How to Remove a Side Post Battery Terminalby Jody L. Campbell
Side post battery terminals are commonly used in GM vehicles. However, this is not to say that a top post battery and terminals cannot be converted on almost any vehicle. To remove the side post battery terminal is just as easy (if not easier) than removing the top post battery terminal clamp. Side post battery terminals employ a bolt-type terminal that secures the respective battery cable to the battery.
Open the hood to the vehicle.
Put on the safety goggles.
Place a suitable sized box-end wrench or a ratchet and socket on the hex-head of the (black-wired) negative side post battery terminal (removing the negative terminal post first will minimize the occurrence of sparks flying from the battery terminal, which could result in igniting flammable hydrogen gases emitting from the battery vents). Many GMs use an 8mm or 5/16-inch wrench (although aftermarket or converted side posts terminals may take a much larger wrench or socket). Also some side post batteries, but not all, restrict using a ratchet and socket due to limited room between the terminal post and other engine components.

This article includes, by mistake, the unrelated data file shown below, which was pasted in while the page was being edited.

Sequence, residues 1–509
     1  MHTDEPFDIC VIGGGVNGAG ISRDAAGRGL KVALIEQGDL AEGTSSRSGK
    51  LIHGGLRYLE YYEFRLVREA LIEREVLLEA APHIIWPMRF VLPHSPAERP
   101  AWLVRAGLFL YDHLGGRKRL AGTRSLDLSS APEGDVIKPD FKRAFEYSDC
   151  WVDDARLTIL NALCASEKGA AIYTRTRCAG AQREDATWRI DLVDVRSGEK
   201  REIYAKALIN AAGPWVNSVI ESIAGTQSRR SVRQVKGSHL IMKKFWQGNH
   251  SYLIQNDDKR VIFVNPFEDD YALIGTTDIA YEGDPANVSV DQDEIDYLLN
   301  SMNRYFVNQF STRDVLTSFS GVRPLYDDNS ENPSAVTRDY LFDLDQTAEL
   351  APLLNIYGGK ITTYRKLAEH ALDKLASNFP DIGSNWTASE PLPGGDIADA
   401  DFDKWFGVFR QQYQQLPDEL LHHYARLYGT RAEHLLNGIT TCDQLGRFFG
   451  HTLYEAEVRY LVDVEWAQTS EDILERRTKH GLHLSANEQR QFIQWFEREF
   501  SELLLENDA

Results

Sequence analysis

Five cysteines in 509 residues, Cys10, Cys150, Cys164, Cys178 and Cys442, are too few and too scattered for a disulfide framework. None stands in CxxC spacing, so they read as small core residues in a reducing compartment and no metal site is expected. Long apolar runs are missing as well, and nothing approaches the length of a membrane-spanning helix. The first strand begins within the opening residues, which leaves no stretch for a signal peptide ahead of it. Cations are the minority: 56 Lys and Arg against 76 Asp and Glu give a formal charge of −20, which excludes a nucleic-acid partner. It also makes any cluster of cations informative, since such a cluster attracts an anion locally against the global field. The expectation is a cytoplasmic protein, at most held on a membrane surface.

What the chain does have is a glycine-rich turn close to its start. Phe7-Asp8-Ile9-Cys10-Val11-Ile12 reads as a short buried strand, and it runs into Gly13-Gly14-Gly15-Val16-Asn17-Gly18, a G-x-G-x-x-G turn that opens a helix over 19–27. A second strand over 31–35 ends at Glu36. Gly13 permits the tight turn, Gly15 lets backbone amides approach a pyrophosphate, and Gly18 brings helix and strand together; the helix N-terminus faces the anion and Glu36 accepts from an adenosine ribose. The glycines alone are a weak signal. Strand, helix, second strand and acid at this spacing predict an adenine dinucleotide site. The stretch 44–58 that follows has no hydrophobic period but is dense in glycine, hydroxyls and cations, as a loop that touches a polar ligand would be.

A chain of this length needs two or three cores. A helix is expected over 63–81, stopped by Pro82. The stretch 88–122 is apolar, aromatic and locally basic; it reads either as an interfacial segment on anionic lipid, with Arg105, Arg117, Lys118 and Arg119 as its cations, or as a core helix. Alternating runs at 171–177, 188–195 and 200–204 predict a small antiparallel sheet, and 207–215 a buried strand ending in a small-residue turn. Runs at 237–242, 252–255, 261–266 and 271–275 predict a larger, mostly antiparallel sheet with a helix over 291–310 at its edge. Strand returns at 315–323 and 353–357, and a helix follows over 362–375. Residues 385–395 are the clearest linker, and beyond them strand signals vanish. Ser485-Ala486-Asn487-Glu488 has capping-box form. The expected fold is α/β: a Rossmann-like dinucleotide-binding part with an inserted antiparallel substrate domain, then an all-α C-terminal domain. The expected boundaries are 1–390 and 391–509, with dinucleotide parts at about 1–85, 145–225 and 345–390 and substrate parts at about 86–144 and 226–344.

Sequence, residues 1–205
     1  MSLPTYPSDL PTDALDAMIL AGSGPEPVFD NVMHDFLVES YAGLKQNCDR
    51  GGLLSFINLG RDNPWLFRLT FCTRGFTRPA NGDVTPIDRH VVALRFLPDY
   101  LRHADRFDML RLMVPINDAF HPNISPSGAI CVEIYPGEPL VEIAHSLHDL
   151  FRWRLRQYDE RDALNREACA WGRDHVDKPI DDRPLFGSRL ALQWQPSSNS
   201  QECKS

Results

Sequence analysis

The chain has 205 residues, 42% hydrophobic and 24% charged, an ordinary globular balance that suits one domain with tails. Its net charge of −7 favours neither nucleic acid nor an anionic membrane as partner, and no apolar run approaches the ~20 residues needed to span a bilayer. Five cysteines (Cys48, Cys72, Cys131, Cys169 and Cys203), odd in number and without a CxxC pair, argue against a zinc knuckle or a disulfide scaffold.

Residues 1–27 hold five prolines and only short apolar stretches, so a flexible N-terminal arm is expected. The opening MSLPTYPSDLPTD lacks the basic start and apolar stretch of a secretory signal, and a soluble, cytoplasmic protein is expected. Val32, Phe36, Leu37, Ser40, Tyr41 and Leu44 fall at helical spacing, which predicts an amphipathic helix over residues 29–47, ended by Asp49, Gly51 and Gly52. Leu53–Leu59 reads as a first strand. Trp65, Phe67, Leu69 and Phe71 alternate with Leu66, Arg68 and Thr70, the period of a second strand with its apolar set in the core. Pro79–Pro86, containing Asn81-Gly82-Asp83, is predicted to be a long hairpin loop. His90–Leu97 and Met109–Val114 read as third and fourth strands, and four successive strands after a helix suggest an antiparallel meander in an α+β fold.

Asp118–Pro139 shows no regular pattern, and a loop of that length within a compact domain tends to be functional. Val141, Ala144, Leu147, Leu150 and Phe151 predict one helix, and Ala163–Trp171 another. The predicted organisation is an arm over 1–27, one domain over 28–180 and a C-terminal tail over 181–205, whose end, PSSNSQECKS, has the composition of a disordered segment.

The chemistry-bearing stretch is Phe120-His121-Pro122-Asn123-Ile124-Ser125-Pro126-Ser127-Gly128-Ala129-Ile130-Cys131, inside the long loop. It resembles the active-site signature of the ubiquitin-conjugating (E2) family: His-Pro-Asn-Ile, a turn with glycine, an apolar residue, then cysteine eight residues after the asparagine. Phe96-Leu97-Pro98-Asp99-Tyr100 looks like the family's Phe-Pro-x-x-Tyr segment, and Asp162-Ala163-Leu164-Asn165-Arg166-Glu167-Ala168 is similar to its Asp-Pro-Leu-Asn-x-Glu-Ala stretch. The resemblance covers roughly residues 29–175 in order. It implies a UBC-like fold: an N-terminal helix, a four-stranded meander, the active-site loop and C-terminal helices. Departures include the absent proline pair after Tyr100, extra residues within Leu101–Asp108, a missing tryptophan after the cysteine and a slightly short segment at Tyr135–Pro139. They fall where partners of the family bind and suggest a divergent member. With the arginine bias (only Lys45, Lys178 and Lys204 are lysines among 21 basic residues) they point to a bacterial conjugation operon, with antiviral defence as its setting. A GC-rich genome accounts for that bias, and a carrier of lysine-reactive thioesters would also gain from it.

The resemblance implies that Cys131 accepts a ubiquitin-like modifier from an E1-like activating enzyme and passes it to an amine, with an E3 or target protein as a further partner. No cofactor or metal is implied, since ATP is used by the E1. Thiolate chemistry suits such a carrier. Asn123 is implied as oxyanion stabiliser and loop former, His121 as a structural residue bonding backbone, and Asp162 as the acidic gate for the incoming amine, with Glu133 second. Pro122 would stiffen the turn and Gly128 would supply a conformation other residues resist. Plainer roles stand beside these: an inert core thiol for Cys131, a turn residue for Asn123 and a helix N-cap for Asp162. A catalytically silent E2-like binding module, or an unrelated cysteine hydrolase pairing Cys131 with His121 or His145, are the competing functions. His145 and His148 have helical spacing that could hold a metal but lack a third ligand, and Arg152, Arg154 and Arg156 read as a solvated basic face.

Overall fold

Turn the wrench (or ratchet and socket) counterclockwise. Keep in mind that if the battery terminals are facing the engine compartment, the terminal bolt will require being loosened to the right (clockwise) in order to remove.
Isolate the battery terminal bolt from the battery so it does not come back into contact with the battery post while removing the positive (red-wired) battery terminal side post bolt in the same fashion. Some GM vehicles come equipped with a plastic cover for the positive battery terminal post to help prevent corrosion. If equipped, unsnap the cover by hand first.
Things You'll Need
- Safety goggles
- Box-end wrench set or ratchet and socket set
- If replacing or reinstalling the battery terminal clamps to the side posts of the battery, remember to install the positive (red-wired) side post terminal first and the negative (black-wired) side post terminal last (again, to minimize the chance of sparks). Some modern vehicles use a computer saver device plugged into the cigarette lighter or power saver in order to store the computer, theft deterrent radio code or factory installed car alarm system prior to removing battery terminals. Otherwise, radios or ignition systems will not work properly upon reconnecting the battery terminals.
Jody L. Campbell spent over 15 years as both a manager and an under-car specialist in the automotive repair industry. Prior to that, he managed two different restaurants for over 15 years. Campbell began his professional writing career in 2004 with the publication of his first book.